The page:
Debra Gavant Swan

Callanwolde Fine Art Center Gallery

In Debra Gavant Swan’s paintings, collages, and reliefs, art and religion are more often carnival sideshows than windows opening onto some truth. 25¢ A Toss, 1988, a canvas pierced by a small window that reveals a grinning mouth and nose, shows us this carnival’s barker most directly. He appears in some sculptures as a three-dimensional mannequin who looks like a cross between the wooden figure-models used by drawing students and the faceless creatures in the paintings of Mark Kostabi. In Under the Circumstances, 1987, this character hides beneath a table bearing a collection of fruit and bottles identical to those in a still life depicted in a tiny painting on the wall behind it; in The Collector, 1987, he sits at a table, a green cone and a red cube placed on the floor near him and 20 irregular blobs placed on the walls in a grid pattern; in Dr. Friggly, 1987, he is being brought to life by a diminutive Dr. Frankenstein. Swan uses the traditional tools of the academy, still life and mannequin, as well as the reference to Kostabi in these and other works, to draw the terms of the con game of art as broadly as possible. But she is not only making a reference to the selling of art in the post-Modern present; she is also interested in the process of seeking and representing meaning.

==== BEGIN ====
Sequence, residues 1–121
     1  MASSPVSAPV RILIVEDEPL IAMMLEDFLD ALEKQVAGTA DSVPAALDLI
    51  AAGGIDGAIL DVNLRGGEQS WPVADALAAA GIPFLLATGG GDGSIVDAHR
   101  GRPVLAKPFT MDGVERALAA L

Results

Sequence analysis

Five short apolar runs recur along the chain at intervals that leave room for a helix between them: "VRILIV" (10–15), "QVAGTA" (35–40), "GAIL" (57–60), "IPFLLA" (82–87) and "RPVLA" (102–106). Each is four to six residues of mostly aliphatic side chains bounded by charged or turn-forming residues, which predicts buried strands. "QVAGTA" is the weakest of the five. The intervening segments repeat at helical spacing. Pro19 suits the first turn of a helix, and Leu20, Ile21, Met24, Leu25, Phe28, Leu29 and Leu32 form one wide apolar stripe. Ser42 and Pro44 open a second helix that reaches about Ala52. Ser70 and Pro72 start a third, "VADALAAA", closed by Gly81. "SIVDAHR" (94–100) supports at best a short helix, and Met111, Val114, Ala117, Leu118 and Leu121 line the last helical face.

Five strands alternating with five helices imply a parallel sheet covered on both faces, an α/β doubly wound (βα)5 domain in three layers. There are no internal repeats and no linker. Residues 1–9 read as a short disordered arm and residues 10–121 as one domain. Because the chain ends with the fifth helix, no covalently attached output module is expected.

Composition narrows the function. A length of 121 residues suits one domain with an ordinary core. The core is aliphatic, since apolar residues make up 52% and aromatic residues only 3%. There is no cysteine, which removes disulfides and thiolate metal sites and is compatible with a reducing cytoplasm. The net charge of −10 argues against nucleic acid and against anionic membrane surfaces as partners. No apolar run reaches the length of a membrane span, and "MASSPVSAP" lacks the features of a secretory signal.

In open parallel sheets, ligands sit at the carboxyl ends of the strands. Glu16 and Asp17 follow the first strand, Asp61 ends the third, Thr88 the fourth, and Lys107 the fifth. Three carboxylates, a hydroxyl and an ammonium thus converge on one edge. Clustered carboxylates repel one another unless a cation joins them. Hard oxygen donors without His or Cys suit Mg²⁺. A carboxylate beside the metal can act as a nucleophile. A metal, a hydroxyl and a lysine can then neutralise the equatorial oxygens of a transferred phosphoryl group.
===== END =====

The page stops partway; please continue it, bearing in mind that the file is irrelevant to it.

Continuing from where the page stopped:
Several collages on religious subjects have the same combination of comedy and seriousness. In Believer’s Dilemma, 1988, a group of roughly drawn figures are surrounded by red, yellow, and orange flames that suggest stained glass panels. A three-dimensional lizard is hung by its neck above the flames by a gold chain, itself suspended from a charred New Testament. The letters TH and IS are stenciled to the left and right, respectively, of the book, giving the piece the look of a rebus, albeit an indecipherable one. Virgin or Victim, 1988, is a miniature proscenium arch with a nude disfigured Barbie doll at its center, surrounded by a trinity of black disks bearing spiral motifs and by six painted monks and musicians taken from a painting by Carpaccio. In Shopper’s Paradise, 1988, Swan suspends a green Hindu idol above several copies of classical Greek sculptures. In the sky around the idol she has painted an eccentric zodiac, one including wolf, crab, fish, and heron, as well as several brass insects glued to the canvas. These works, and the several scenes of normal life they are interspersed with, neither exploit the art world’s confidence games nor bemoan the end of an ideal realm. Swan subtly manipulates her surface carnival to suggest a depth of mean- ing perpetually just beyond our reach.

Glenn Harper